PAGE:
Welcome back to Karl’s Korner, a historical segment written by myself, Karl Zingheim – Ship Historian of the USS Midway Museum.
As many of you know the USS Midway celebrated her 71st Birthday this month on September 10th! In honor of celebrating another year preserving the legacy of Midway Magic – I have written a 2 part story of the building of the USS Midway aircraft carrier.
Here we go…
Building the USS Midway
The story of the USS Midway actually dates back to the first international attempt at a naval limitation treaty soon after the First World War. Having spent vast sums fighting the war, nations were loathe to engage in a fresh arms race, particularly as the United States was ramping up its naval construction, and Japan was seeking to modernize its navy, now being built exclusively in her own yards. Stealing Britain’s thunder, the new Harding administration called for a naval limitations conference to be held in Washington. In 1922, delegations from every major power from the former wartime allies convened to discuss a variety of issues, particularly regarding rising tensions in Asia and the Pacific region.
As far as navies were concerned, the ensuing Washington Treaty not only put the brakes on practically all new construction but defined tonnage ceilings for certain classes of warships, including the newly-devised aircraft carrier. This meant in practice that ships had to be built with compromises in their designs that permitted them to stay within the tonnage restrictions. For aircraft carriers, this typically produced sacrifices like slender armor protection and combining machinery into the same compartments, increasing the likelihood of complete disablement in combat.
Another factor that emerged amongst the three carrier navies of the time was the conception of handling aircraft. The American and Japanese navies favored the largest possible air groups on their carriers and designed their ships to maximize their air complements within the size restrictions imposed by treaty. Britain’s Royal Navy, however, was forced to take a different route. As an economy measure right after the First World War, the Royal Air Force (RAF) assumed control of all British military aviation, including the Royal Naval Air Service, later known as the Fleet Air Arm (FAA). Throughout most of the interwar period, while the Royal Navy operated the carriers, it relied upon its sister service for the aircraft and pilots. Moreover, the stringent peacetime budgets meant that even the omnipresent RAF had to prioritize aircraft development for all its needs, which put the FAA at the very bottom in priority.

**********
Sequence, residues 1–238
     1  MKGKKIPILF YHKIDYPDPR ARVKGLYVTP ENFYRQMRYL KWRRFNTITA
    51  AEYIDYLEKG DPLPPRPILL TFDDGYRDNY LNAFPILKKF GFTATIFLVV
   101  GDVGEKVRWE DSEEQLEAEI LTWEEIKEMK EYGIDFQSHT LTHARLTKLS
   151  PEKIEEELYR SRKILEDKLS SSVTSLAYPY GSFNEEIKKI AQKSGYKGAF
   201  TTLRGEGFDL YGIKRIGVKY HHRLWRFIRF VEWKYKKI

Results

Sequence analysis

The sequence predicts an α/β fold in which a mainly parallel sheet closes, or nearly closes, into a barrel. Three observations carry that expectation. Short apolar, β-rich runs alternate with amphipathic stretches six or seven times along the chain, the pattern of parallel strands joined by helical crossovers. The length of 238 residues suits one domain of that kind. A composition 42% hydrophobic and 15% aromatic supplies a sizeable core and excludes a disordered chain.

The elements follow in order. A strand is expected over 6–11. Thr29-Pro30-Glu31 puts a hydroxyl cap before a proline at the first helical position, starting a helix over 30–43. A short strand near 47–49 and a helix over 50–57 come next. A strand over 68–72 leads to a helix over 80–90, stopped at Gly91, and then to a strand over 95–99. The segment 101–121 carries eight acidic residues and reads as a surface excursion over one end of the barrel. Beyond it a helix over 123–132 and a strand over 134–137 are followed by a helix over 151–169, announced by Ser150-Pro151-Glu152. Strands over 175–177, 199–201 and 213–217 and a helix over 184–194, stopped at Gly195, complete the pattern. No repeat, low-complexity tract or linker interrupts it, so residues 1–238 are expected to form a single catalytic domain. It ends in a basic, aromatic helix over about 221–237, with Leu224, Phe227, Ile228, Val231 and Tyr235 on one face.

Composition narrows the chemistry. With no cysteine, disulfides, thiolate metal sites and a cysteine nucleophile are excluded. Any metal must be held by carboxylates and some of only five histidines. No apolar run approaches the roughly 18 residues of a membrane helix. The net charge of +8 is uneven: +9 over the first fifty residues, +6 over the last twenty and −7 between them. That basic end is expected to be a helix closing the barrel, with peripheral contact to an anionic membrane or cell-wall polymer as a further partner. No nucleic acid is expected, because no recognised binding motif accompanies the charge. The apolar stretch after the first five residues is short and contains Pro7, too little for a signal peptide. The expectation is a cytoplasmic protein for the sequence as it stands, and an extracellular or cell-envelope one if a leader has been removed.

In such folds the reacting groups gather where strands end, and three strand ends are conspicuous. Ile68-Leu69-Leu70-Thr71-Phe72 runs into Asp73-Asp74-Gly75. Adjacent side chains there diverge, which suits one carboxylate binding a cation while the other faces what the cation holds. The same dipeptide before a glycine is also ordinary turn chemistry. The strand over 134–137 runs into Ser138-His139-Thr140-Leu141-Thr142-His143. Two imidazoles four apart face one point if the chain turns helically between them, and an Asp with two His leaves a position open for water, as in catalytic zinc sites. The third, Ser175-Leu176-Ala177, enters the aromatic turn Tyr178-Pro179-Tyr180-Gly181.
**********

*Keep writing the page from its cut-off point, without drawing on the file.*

Realizing that the FAA was falling behind technically, Royal Navy ship designers were forced to emphasize passive measures to help protect their future carriers, and so interest was taken in developing carriers with armored flight and hangar decks, even at the expense of how many aircraft could be stored. The result was the Illustrious class, of comparable size to their American and Japanese contemporaries, but carrying no more than half the aircraft. In the meantime, Japan gave notice that it would no longer participate in the treaty system of naval limitations, so after 1938, American designers were finally free to look at producing a new carrier without any arbitrary restrictions.
The primary challenge facing the designers was combining maximum protection while preserving the large air groups U. S. carrier doctrine demanded. This required a ship much larger than anything built before, even too large to transit the Panama Canal. By the time design requirements were being tabulated, war had broken out in Europe, and in 1941, the battle-ravaged Illustrious put into Norfolk, Virginia, for repairs. U. S. designers swarmed over the carrier, taking careful note of her armor’s performance. Before long, war had come to the Pacific, and the Navy had the hard examples of how its treaty-era carriers had suffered. These lessons were also factored into the new carrier’s design. By 1943, a new carrier class was ready for construction.
Stay tuned for Part 2…
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